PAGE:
Social Evils in the 19th Century India:
Indian society suffered from a host of social evils during the 19th century. The different social reform movements like the Brahmo Samaj, the Indian Social Conference, Mohammedan Literary Society, the Arya Samaj, the Rama Krishana Mission, Theosophical Society etc. were directed against different social evils. Our society was suffering from many evils such as the caste system, deplorable condition of women, illiteracy, child marriage, sati, polygamy etc.
Following are the three main social evils against which the various reform movements were directed in the 19th century.
(A) Deplorable Condition of Women- The condition of women was very deplorable due to the social, religious and economic conditions prevailing in the traditional society. They were given a very low status in society as compared to men. So much so that they had to be completely dependent upon men for their social and economic needs. This condition of women was due to many social evils which were present in Indian society. These evils can be stated as under-
- Sati System- Under this custom, a Hindu woman had to burn herself to death with her dead husband. In the majority of cases they were forced to do so or even thrown into the burning pyres.
- Low Status of Women- Women in those days were denied the right of equality. They were considered as inferior to men. Many restrictions were imposed on them. They were first dominated by father and then by husband and then by sons and in-laws.
- Female Infanticide- The birth of a daughter was considered a great burden on the family. So, in many cases, they were put to death just after their birth. The newly born daughters were strangled (to death) since she had no right to live.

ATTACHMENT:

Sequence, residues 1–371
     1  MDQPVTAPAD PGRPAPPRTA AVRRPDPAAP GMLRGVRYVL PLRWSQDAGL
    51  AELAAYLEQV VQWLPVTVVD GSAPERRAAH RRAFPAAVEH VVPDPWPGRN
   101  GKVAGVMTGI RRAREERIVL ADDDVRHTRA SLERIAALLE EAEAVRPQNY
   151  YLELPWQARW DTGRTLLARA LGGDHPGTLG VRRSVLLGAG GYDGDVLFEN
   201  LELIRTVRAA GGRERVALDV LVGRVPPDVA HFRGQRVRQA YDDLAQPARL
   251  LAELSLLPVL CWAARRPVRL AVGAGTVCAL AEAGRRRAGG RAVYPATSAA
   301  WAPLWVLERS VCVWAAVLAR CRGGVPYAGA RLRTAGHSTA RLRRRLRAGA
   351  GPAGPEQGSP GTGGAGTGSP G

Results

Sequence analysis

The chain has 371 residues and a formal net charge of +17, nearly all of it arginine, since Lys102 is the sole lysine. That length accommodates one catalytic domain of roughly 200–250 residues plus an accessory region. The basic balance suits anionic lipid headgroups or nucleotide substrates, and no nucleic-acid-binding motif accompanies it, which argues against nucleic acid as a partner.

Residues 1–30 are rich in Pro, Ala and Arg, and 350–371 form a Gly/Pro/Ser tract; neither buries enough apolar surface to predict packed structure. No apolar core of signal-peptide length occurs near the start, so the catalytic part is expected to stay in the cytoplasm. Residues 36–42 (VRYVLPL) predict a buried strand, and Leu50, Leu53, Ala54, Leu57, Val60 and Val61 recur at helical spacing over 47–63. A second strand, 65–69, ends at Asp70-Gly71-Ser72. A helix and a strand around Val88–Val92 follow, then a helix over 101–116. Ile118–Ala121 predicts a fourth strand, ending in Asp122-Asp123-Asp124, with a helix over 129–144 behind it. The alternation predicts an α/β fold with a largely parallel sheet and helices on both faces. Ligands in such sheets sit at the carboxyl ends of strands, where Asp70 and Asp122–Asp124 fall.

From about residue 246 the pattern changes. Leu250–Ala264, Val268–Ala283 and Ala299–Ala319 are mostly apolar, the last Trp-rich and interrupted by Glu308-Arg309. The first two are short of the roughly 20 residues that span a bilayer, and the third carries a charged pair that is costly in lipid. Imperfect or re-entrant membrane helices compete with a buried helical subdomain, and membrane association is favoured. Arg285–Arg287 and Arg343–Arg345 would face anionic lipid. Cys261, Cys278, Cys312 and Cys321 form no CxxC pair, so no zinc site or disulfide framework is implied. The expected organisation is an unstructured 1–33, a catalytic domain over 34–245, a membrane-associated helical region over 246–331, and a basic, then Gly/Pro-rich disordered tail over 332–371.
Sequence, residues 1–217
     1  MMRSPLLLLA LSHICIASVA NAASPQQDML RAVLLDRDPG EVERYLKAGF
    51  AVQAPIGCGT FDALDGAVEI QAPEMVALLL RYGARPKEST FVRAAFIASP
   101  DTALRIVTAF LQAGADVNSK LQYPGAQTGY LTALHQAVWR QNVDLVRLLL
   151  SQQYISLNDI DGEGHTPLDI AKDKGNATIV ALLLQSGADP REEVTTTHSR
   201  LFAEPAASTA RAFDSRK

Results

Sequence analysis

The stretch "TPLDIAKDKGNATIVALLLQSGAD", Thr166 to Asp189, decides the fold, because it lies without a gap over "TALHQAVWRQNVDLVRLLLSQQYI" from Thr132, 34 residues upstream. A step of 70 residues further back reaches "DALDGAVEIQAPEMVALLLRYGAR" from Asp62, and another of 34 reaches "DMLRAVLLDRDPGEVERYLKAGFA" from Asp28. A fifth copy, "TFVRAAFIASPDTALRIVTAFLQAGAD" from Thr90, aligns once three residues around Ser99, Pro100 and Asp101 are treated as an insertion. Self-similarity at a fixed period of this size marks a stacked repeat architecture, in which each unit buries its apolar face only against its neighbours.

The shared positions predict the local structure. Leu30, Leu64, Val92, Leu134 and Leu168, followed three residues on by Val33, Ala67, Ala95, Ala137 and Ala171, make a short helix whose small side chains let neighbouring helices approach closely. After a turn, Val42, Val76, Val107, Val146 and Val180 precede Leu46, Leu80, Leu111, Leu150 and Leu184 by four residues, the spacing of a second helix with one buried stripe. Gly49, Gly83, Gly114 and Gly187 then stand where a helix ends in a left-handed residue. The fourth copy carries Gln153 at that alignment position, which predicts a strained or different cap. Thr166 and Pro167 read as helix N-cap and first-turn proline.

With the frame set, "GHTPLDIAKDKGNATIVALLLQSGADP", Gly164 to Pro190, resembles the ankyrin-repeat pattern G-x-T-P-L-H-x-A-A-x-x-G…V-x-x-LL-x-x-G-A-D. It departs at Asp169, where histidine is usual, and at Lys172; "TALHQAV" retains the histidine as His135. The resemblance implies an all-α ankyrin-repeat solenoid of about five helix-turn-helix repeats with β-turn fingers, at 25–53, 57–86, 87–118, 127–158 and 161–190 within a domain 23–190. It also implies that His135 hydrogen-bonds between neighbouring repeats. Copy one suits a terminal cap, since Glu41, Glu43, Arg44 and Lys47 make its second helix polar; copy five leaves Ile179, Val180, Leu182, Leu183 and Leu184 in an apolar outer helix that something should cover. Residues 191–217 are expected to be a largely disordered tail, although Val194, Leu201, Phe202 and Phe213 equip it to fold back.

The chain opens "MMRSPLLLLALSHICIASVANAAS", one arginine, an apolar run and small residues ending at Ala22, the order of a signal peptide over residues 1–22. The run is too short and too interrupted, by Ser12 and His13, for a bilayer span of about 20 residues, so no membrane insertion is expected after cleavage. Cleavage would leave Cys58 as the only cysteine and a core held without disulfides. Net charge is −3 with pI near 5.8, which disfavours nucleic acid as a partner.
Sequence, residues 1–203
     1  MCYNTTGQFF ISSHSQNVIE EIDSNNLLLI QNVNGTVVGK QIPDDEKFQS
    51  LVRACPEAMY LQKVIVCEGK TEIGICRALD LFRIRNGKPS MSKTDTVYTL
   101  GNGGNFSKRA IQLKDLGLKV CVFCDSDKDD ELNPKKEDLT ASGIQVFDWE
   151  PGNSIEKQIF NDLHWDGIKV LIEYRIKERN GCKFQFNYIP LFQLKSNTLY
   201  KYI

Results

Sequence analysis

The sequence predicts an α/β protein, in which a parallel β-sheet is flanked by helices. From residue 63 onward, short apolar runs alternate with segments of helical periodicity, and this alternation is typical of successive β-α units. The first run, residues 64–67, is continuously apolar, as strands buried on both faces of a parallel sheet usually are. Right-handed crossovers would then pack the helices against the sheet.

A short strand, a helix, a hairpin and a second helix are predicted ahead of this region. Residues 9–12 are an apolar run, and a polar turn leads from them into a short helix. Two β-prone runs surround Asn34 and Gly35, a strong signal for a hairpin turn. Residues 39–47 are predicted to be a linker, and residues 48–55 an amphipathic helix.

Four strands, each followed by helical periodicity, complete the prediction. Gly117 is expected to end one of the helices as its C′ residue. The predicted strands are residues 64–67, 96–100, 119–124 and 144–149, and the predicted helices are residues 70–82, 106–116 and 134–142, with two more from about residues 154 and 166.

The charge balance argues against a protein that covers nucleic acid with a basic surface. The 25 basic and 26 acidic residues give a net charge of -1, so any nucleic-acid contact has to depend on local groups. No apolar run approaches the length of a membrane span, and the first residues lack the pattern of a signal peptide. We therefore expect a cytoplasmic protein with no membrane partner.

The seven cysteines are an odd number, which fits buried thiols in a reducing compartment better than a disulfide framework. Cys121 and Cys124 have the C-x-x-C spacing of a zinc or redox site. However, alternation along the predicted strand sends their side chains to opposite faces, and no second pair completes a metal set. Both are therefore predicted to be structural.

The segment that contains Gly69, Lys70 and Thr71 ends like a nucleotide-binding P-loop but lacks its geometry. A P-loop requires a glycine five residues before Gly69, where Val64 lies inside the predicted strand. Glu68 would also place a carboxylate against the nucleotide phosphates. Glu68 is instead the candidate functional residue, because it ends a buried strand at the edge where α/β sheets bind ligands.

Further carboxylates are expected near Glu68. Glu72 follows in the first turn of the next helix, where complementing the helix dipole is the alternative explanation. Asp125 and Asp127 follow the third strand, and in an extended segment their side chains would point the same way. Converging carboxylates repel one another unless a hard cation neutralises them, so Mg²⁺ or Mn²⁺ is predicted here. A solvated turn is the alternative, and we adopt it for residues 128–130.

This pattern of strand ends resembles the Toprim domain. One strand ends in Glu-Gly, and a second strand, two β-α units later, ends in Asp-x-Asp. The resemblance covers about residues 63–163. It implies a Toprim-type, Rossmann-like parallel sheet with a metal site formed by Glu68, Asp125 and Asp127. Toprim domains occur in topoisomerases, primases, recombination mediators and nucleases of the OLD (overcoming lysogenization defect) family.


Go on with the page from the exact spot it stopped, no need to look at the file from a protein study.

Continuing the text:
- Denial of Education- They had no right to seek employment. So, there were no arrangement for the education of women. As such, they had to suffer from the curse of illiteracy all through their lives.
- Dowry System- The dowry system has taken a heavy toll of life. Many a poor girl commits suicide to relieve her parent’s agony.
- Patriarchal Families- There were male predominated families. Hence womenfolk were never consulted in serious concerns and matters.
- The Child Marriage- Children in laps got married. The unfortunate child widows suffered life long agony.
- Widow Remarriage not Permitted- A widow was a social burden. She was not granted the right to re-marry. Her very sight was despised. The widow either led a miserbale life or brought an end to her doomed life by committing suicide.
- Deprived of Right to Property- The Hindu woman enjoyed no right to inherit the property of her husband.
- Dread of Divorce among Muslim Women- The Muslim women ever dreaded the divorce. Her life was miserbale since her husband could have many wives. It was an uphill task for her to pull on amidst co-wives.
(B) The Caste-System and Untouchability- Caste-system and untouchability were another most hateful practice in those days. The low-caste members of the society were very much hated. They were made to do all sorts of manual (menial) jobs like cleaning, leatherworking, carrying of dead animals and shoe-making and repairing. Besides these people were regarded as untouchables. They were not allowed to use public wells, tanks, temples, schools etc. They were also not recruited in the army and other government jobs. Thus a great part of a society was not enjoying human rights. Moreover, this evil created a social, economic and political imbalance in Indian social life which caused great harm to society.
Modern social reformers of the 19th century found it necessary to launch an attack on this evil because they considered it to be inhuman and degrading social evil responsible for social disintegration. But, the modern reforms in the field of economy, society and political sphere greatly weakened this evil. The development of the national movement also did a very praise-worthy work in the removal of untouchability. Now, in Free India, the caste system and the practice of untouchability have been forbidden legally.
(C) The Child Marriage- Child marriage was another social evil from which the Indian society of the 19th century was suffering. This evil badly affected the health of the married children and produced several evil effects on society. That is why many social reformers like Raja Ram Mohan Roy, Keshab Chandra Sen, Mahadev Govind Ranade and Swami Dayanand, openly attacked child marriage and campaigned for its abolition. It was because of their efforts that a law was passed in 1860, raising the marriageable age of the girls to ten, which was a significant advance in those days.